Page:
Fingernail measurement.

In 1941 Dr. William Bennett Bean started his study on nail growth. His investigation began back in 1941 when he filed a horizontal line just above the cuticle and then measured its stately progress up the fingernail.

The American physician subsequently published his findings – once (incorrectly) described as the most boring scientific study ever undertaken – as “Nail growth: 35 years of investigation”.

The actual rate of growth one may (or may not) be interested to learn is 0.123mm a day. But what is remarkable is its staggering constancy over many years – almost as if the nails were aware of the higher purpose they are intended to serve.

The growth slowed remarkably when Dr Bean was laid low by mumps, but compensated by doubling its speed for the following six months. Disease and trauma might be expected to have an adverse effect, but not so: the nails accelerate as if to “grow out” the damage – a fifth as fast again in regular nail-biters.

The only other body part (besides the hair) that shows a similar constancy of growth in adulthood are the ears. They increase in size by the same amount in a year as the nail does in a day.

A milestone in William Bean’s nail growth research concerns his 1963 paper:

‘A Discourse on Nail Growth and Unusual Fingernails’

William Bennett Bean (1909-1989)

William Bennett Bean
(8 Nov 1909 – 1 Mar 1989)

American physician and author. His research in nutrition included induced vitamin deficiencies in humans. He contributed more than 500 articles to professional journals, served on editorial boards, and wrote several books.

RELATED STORIES & MORE:
Research says: ‘nails grow faster on a protein-diet & vitamin D!’
Lee Redmond’s story behind ‘World longest fingernails’!
The latest news about fingernails
More fingernail reports at ‘HandFacts’

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FINGERNAIL
DISORDERS:

Paronychia concerns usually a mild bacterial infection where the nail plate meets the skin - nail fold/cuticle.

There are types of 'paronychia': acute paronychia (sudden onset) & chronic paronychia (gradual development).

Paronychia

 

What is paronychia?

Paronychia concerns a bacterial infection of the skin (cuticle or lateral fingernail fold) surrounding the fingernail or toenail – often caused by an ingrown nail. Along with gradual thickening + browning discoloration of the nail plate, pus is usually present under the skin.

What causes paronychia?

Regarding the cause of paronychia, the two most common causes are:

Pyogenic paronychia = inflammation of the folds of skin surrounding the nail caused by bacteria (NOTICE: acute paronychia is usually a pyogenic paronychia);

Candidal paronychia = inflammation of the nail fold produced by Candida albicans (NOTICE: chronic paronychia is often a candidal paronychia);

Runaround paronychia = inflammation around the entire nail.

What is the right treatment for paronychia?

In mild cases, an acute paronychia may disappear within a few days. A painful paronychia can be treated with self care at home (including: warm soaks, draining of pus). Severe cases of acute paronychia – should be treated with antibiotics (consultation with your doctor/general practitioner is then recommended).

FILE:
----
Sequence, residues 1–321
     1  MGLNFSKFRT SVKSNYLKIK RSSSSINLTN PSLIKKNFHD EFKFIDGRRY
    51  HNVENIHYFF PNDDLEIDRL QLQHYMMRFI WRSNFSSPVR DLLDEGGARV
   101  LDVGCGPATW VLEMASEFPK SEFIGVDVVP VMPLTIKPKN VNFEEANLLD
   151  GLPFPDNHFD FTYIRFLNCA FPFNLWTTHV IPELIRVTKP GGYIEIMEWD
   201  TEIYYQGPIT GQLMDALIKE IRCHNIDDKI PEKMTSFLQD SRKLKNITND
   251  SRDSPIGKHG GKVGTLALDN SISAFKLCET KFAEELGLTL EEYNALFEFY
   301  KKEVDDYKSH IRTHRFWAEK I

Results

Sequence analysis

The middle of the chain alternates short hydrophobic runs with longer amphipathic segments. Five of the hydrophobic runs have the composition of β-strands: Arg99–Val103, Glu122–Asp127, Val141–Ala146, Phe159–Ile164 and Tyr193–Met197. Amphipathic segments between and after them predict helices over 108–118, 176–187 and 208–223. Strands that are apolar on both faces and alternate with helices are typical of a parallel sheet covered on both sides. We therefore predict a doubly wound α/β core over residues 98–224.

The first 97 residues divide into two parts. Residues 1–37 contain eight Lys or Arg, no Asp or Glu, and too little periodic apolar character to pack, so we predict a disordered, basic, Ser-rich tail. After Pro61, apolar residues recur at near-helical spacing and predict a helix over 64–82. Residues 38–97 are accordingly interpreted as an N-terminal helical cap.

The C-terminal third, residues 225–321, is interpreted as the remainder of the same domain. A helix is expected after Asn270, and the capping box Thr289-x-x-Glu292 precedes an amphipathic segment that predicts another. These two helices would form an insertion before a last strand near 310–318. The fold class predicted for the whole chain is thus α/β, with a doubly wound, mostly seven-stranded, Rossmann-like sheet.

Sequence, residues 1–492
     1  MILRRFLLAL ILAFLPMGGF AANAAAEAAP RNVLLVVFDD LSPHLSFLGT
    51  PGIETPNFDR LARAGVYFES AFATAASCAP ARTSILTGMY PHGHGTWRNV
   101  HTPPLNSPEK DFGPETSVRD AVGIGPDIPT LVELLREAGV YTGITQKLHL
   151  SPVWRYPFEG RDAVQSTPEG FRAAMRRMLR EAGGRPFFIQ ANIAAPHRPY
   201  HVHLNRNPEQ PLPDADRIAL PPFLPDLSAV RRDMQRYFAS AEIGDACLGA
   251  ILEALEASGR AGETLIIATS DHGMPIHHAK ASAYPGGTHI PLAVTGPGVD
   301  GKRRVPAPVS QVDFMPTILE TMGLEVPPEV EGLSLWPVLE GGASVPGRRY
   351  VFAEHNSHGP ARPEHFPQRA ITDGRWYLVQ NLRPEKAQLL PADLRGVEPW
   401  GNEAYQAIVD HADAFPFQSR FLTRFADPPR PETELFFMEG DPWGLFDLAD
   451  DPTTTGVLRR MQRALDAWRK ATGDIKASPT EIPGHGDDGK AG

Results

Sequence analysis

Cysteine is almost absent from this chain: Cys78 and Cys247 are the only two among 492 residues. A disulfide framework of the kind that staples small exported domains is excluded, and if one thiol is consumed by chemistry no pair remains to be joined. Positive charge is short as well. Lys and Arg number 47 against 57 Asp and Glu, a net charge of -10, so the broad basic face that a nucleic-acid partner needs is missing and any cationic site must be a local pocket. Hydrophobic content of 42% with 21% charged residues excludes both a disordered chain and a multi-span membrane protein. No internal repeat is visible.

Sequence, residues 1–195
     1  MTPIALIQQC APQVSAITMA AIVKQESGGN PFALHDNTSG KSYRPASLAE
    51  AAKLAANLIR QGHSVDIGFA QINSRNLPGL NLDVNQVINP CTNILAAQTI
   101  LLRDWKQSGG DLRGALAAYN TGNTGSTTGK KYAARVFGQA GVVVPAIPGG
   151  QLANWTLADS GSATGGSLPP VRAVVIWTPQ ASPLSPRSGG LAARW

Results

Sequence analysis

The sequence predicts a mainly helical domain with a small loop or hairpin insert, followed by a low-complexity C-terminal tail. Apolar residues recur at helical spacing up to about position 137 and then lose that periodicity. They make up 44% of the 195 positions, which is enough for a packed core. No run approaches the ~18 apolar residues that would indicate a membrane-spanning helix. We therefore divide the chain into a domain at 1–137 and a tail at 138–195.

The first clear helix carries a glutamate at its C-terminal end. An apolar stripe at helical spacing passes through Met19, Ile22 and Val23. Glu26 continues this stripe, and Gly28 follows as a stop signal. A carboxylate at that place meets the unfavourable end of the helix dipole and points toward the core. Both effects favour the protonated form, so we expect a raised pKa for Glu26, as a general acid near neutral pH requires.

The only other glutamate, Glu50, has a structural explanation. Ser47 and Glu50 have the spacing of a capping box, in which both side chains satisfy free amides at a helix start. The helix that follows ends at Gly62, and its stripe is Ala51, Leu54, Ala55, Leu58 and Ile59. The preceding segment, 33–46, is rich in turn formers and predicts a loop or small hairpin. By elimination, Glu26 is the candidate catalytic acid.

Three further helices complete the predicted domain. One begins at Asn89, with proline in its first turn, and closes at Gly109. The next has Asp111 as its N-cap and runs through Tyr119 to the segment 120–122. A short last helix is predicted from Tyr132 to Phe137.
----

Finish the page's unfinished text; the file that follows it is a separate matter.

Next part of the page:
MORE DETAILS ABOUT THE TREATMENT OF THIS FINGERNAIL DISORDER:
How to treat a paronychia nail disorder?

PHOTO – An example of a severce case of paronychia:

An example of a severce case of paronychia.

SUGGESTIONS FOR FURTHER READING:
The FINGERNAIL TUTOR: an online nail disorder identification tool!
4 Common nail diseases!
Koilonychia – causes + treatment of the ‘spoon nail’
Leukonychia – having ‘white spots’ on your fingernails (white nails)

Learn how to take care of your cuticles.

The function of the cuticle (or eponychium) in the nail anatomy is to function between the skin of the finger and the nail plate: the cuticle fuses these structures together and provides a waterproof barrier.

Many people experience problems with their cuticles for ragged cuticles can be annoying. Whatever you do, don’t snip or bite them off – instead you better use a nail pusher or a cuticle eliminator (see the picture below).

You can judge the ‘health’ of your cuticle by means of it’s: color & shape.

Actually, in terms of protection of your fingernail’s health the cuticle is likely the most important part of your nail!

A technical description of the ‘cuticle’ from An Atlas of DISEASES OF THE NAIL:


“The cuticle is the distal horny end-product of the proximal nail fold. The cuticle adhers to the nail plate and seals the nail from environmental pathogens and irritants.”

Do you have problems with your cuticles?

You can try the nail tutor:
The cuticle: find the cause of your nail disorder!

Example of how to use a cuticle eliminator.

The nail unit describes the anatomy of your fingernail.

The basic function of your fingernails could be described as a combination of: (1) to assist in picking up objects; (2) to protect the tip of your finger; (3) to improve fine-touch sensation; (4) and to enhance the esthetic appearance of the hand!

The fingernail is a unique structure whose component parts are collectively called the ‘nail unit’ (see the picture above).

Let’s take a quick look at the 10 basic aspects of the ‘nail unit’, which include:

• The nail plate (upper + lower picture)
• The free edge (upper picture)
• The lunua (upper picture)
• The cuticle (upper + lower picture)
• The proximal nail fold (upper + lower picture)
• The lateral nail fold (upper picture)
• The hyponychium (lower picture)
• The nail bed (lower picture)
• The nail root (lower picture)
• The nail matrix (lower picture)